The reason given is, “I am the LORD.” This is how God is, so this is how we need to be. The Responsorial (Psalm 103) says, “The Lord is kind and merciful”; that is, “Be kind and merciful for I the Lord your God am kind and merciful.” No cultural filter here.
Be Perfect in Love
In the Sermon on the Mount Jesus takes the Old Law to a new level, transforming it from rules of good human behavior to guidelines for living on the level of God. But what he says in Matthew 5:38-48 is already basically present in the reading from Leviticus. He simply makes more clear and explicit what it means to “be holy as I the Lord your God am holy.” It means, above all, to live out his command of “perfect love.” By the gift of sharing in God’s divine life (the definition of “grace”), we are called and enabled to “be perfect as our heavenly Father is perfect.” Since “God is love,” to be perfect like God is to be perfect in love.
Genesis says God “looked at everything he had made, and he found it very good.” This is even more true of humans, created in the image of God himself. So Jesus is teaching us to love like God when he tells us we need to love one another and value relationship with one another more than all created things: more than our possessions (“give to everyone who begs or wants to borrow from you;” if someone want to steal the shirt off your back, “hand over your coat as well”), more than our time (if someone imposes, go the “extra mile”), more than our desire to avoid hurt and rejection (“turn the other cheek”). He says “offer no resistance to one who is evil” for the sake of holding on to any created thing. “My command to you is: love your enemies, pray for your persecutors.”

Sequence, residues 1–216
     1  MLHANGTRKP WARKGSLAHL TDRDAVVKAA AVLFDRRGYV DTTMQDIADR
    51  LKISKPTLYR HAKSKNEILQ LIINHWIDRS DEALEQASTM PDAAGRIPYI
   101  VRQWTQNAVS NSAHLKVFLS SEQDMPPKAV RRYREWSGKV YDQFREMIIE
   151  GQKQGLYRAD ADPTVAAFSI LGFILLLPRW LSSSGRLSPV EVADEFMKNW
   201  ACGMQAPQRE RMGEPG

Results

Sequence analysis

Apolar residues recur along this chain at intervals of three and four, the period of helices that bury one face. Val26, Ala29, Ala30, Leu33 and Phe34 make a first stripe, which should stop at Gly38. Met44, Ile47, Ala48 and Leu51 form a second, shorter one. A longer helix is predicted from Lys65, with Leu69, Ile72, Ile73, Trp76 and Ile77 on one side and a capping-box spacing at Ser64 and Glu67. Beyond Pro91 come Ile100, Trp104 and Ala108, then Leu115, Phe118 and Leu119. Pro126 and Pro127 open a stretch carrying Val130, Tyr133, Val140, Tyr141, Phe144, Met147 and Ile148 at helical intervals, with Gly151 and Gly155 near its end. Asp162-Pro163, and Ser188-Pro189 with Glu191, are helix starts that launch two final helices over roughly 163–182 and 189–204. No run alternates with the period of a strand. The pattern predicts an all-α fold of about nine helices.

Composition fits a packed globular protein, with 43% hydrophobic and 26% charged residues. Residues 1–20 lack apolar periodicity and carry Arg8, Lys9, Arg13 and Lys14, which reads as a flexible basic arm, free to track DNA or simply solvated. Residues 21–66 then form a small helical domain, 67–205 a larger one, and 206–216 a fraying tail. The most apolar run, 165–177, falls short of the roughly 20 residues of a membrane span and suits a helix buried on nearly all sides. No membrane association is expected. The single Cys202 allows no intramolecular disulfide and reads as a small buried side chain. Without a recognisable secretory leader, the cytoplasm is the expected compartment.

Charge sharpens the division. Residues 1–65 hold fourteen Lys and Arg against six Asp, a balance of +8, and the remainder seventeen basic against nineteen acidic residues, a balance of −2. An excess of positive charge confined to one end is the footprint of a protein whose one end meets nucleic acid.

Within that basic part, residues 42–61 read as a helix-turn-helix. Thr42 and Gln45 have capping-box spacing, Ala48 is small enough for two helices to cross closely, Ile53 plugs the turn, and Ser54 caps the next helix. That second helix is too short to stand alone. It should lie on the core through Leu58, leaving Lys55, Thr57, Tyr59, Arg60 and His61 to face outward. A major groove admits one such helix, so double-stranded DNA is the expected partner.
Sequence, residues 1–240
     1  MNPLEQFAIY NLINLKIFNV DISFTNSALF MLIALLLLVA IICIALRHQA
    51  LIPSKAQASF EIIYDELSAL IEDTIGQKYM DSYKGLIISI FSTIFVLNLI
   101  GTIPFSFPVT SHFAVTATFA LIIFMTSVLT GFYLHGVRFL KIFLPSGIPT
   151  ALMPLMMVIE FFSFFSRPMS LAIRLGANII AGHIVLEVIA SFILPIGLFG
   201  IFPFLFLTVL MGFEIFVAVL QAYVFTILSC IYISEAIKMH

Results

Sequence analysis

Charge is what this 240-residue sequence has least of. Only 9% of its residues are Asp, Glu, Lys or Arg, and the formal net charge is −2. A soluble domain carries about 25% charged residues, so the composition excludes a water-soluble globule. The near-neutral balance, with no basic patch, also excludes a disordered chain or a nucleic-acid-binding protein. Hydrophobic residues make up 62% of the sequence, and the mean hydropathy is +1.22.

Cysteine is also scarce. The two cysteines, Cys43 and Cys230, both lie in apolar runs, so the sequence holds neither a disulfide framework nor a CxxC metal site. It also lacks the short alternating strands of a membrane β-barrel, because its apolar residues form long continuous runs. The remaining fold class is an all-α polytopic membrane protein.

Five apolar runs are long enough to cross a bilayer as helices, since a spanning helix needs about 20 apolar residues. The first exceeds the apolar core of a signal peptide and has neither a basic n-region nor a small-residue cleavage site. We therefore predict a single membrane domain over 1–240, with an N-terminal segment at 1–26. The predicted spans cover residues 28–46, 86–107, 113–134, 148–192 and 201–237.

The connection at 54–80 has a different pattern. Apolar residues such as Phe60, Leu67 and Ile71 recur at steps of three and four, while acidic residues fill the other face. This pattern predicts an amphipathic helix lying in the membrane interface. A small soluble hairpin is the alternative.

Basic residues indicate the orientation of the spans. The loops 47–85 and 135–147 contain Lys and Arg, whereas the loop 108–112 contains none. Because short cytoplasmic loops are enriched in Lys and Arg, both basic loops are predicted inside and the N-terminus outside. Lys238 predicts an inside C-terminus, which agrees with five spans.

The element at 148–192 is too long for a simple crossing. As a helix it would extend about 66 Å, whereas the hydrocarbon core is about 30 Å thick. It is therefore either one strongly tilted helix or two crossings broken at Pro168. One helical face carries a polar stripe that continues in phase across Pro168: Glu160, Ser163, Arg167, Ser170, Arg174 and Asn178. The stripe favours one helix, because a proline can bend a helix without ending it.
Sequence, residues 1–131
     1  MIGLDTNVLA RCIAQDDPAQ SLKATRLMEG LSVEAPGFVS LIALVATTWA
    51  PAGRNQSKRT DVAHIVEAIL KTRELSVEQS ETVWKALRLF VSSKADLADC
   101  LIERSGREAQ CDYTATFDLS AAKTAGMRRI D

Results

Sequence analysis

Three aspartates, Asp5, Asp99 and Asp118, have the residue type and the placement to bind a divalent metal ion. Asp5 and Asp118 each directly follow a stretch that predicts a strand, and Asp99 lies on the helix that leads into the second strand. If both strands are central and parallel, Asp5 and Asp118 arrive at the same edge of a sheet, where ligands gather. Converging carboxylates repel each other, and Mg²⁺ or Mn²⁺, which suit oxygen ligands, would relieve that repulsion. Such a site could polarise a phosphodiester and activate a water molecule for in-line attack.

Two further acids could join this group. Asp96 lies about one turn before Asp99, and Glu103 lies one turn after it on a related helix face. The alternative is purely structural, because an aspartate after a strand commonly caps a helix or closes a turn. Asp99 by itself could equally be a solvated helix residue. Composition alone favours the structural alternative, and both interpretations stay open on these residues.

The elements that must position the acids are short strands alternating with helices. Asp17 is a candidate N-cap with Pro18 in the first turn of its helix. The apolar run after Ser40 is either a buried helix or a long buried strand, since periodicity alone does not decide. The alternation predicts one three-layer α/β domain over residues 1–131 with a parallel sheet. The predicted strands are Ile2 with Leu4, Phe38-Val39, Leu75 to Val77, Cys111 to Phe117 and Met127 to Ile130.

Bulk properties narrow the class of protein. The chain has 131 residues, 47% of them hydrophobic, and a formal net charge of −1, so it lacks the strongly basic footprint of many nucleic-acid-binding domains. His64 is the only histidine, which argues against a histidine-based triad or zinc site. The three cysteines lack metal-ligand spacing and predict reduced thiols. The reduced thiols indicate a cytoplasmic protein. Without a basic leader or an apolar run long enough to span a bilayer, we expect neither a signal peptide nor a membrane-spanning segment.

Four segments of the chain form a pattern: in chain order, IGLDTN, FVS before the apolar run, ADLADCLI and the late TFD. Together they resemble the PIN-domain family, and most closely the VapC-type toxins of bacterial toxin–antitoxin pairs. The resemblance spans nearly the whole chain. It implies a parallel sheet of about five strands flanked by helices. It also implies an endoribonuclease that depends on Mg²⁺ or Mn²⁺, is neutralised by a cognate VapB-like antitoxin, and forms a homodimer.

You Are That Temple
This command is beyond human goodness. But in 1Corinthians 3:16-23 Paul catches us up short in our objections: “Do you not know that you are God’s temple and that God’s Spirit dwells in you?... God’s temple is holy, and you are that temple.” Because we are holy, we have to act like God. This means loving one another, not just as ourselves, but according to the “new commandment” Jesus gave: “Love one another as I have loved you.”
By human cultural standards, the love Jesus orders is crazy. But we are not just human; we are divine. Our whole standard of judgment is different. Paul writes: “The wisdom of this world is foolishness with God.” And vice-versa: the “wisdom and love” revealed in the crucified Jesus is foolishness to this world. No one who has the power to kill an enemy will choose to be killed instead. But we call that “perfect love.”
Do you trust more in your “gut” cultural instincts or in God’s word?
Seek “wisdom and love ”through reflection on God’s word. Set a time.
 1Corinthians 1:18-25; Matthew 16:21-25.
 John 1:5.
 Deuteronomy 6:4-5.
 1John 4:8,16.
 John 13:34; 15:12; Romans 13:8; 1John 4:7-12.